In the latest twist in a 21-year-old environmental pollution case, a U.S. federal judge Tuesday ruled that the victims of massive oil spillage and their U.S. attorney could not collect on a nine-billion-dollar judgement by Ecuador’s supreme court against the Chevron Corporation.
The secrecy surrounding a friendly settlement in a case that Ecuador brought against Colombia in the International Court of Justice for damage caused by anti-drug spraying along the border has further angered those affected by the fumigation.
Two years after they were awarded 18 billion dollars by an Ecuadorian court for environmental damage caused by Chevron in the Amazonian rainforest, a group of indigenous villagers and their U.S. lawyer went on trial Tuesday in New York, accused by the oil company of bribery and racketeering.
A team of scientists who analysed the richness of plant species around the world concluded that the ecosystems in need of immediate protection in order to meet the 2020 conservation goals set by the Convention on Biological Diversity are largely concentrated in Latin America.
The Ecuadorean government’s decision to allow oil drilling in the Yasuní National Park, one of the most biodiverse areas of the planet, has caused alarm among environmentalists and indigenous people, who are calling for a referendum on the issue.
Ecuador's new media law introduces guarantees to democratise communications. But it has come under fire from critics who say it could set limits on investigative journalism. Many doubts will only be answered once its regulations are passed.
Spy equipment from the Surveillance Group Limited, a British private detective agency based in Worcester, England, has been found in the Ecuadorean embassy in London where Julian Assange, editor of Wikileaks, has taken refuge.
A decision on whether or not Edward Snowden, the whistleblower who is facing charges of espionage in the U.S., will be given asylum in Ecuador could take months, officials there say.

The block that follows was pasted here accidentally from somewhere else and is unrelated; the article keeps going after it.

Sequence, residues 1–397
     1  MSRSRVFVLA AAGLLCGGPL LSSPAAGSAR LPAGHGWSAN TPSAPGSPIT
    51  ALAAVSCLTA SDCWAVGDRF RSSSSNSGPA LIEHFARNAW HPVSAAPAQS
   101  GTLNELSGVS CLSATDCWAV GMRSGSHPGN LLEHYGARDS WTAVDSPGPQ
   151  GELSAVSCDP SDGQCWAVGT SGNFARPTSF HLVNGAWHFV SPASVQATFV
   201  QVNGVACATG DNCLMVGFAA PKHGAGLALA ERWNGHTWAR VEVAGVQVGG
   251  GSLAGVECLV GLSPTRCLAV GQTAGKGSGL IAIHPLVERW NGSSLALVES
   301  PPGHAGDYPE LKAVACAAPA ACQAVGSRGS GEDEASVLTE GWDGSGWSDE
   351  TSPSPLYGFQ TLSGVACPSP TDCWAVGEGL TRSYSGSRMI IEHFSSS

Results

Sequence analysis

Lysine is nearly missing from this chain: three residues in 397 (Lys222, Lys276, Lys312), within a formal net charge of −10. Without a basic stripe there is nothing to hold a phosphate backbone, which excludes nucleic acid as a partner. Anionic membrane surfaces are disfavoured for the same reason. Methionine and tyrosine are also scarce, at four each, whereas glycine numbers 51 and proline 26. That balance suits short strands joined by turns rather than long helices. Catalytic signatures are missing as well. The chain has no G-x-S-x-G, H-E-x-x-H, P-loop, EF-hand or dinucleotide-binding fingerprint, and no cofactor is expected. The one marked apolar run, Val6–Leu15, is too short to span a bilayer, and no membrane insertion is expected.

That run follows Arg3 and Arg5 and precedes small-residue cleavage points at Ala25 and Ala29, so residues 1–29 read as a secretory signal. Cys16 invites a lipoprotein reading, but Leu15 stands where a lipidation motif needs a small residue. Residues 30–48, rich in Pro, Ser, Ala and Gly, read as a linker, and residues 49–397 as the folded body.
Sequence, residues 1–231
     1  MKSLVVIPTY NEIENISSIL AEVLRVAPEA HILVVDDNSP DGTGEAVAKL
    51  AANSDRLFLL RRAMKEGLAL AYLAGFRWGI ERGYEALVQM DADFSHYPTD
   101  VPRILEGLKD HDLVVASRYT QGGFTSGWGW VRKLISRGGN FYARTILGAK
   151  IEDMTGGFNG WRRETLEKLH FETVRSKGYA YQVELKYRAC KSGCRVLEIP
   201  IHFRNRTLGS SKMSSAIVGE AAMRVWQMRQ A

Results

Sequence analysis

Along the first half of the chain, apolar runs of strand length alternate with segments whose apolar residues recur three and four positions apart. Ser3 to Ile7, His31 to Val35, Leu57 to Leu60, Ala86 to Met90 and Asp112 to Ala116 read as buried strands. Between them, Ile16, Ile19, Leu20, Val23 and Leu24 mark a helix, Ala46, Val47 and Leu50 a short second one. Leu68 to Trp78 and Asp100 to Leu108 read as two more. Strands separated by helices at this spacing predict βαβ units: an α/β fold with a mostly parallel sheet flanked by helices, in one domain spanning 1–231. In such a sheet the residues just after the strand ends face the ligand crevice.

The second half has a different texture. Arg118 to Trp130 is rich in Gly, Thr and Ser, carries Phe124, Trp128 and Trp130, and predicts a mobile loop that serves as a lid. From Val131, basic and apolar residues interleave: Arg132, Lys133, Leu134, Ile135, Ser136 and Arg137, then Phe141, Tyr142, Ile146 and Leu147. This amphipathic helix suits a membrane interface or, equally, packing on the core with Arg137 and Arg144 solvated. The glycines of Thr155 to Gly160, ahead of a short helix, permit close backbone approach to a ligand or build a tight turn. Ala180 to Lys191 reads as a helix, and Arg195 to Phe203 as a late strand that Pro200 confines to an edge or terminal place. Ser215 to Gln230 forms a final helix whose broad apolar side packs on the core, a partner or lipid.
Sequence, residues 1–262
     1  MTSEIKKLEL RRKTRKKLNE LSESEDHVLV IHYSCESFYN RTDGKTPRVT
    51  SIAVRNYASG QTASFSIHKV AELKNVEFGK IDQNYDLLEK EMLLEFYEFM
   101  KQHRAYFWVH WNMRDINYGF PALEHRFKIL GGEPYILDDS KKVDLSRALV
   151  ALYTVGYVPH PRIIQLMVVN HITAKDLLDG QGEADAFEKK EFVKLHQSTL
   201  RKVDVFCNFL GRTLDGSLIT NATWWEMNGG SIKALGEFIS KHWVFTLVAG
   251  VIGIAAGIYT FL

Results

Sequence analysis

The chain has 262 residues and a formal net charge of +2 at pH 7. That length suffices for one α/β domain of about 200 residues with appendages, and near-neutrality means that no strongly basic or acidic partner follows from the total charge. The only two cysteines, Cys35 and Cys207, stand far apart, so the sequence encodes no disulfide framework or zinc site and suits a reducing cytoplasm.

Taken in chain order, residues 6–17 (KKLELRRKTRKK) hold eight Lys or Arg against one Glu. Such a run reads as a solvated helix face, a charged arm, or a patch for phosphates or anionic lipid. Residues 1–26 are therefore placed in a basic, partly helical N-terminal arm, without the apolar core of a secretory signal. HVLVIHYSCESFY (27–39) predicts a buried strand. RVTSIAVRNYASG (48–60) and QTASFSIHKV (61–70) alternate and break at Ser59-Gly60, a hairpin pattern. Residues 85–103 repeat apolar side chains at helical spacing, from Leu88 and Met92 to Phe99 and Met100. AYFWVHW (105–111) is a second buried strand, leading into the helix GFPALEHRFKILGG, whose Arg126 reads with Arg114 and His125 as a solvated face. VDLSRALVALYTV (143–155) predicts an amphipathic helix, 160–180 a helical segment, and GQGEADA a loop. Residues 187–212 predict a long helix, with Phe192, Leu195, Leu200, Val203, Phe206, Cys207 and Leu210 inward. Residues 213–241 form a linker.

Reports of another massacre in an isolated indigenous community in Ecuador's Amazon region cast doubt on the state's compliance with precautionary measures imposed in favour of uncontacted peoples in 2006 by the Inter-American Commission on Human Rights.
The “páramos” or high plateaus of Ecuador, a crucial source of water, are showing signs of extreme fragility and a troubling loss of capacity to conserve this vital resource and sustain the survival of numerous species found nowhere else on earth.
Ecuador hopes to move forward in the fight against violence against women by typifying femicide – gender-motivated killings – as a specific crime in the new penal code.
The 35-member Organisation of American States (OAS) on Friday voted unanimously to approve a series of reforms to the Inter-American human rights system, but stepped back from proposals that had caused the greatest concern among civil society groups.
Ecuador's President Rafael Correa secured yesterday his third term in office by a landslide, after vowing to radically deepen his project of citizens' revolution by making the changes achieved thus far "irreversible", fully achieving the goals of eradicating poverty, transforming the model of production and consolidating the "rule of the people”.
A growing number of international lawsuits has highlighted an emerging global crisis: the nature and effects of investment treaties signed between governments, which are allowing private companies and investors to sue countries for millions or even billions of dollars.
Two months after he sought refuge in Ecuador's London embassy, WikiLeaks' founder Julian Assange was formally granted asylum by Quito on Thursday.